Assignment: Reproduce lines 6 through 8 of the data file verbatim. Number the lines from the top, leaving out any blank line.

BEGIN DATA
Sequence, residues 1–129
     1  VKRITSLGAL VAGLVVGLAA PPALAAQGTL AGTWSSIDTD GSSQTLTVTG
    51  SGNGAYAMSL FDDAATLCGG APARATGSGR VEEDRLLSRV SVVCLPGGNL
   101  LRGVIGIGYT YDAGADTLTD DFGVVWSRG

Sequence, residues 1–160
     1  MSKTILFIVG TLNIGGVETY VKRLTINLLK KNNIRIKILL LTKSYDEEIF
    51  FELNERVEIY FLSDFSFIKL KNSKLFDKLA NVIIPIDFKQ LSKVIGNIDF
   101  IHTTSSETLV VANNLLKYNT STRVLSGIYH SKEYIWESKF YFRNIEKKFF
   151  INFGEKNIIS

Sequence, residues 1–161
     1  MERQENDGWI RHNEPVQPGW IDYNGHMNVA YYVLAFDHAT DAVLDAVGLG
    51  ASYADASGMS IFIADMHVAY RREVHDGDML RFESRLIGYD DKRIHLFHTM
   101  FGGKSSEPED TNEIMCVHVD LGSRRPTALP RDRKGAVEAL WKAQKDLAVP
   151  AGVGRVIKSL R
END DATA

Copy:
     1  MSKTILFIVG TLNIGGVETY VKRLTINLLK KNNIRIKILL LTKSYDEEIF
    51  FELNERVEIY FLSDFSFIKL KNSKLFDKLA NVIIPIDFKQ LSKVIGNIDF
   101  IHTTSSETLV VANNLLKYNT STRVLSGIYH SKEYIWESKF YFRNIEKKFF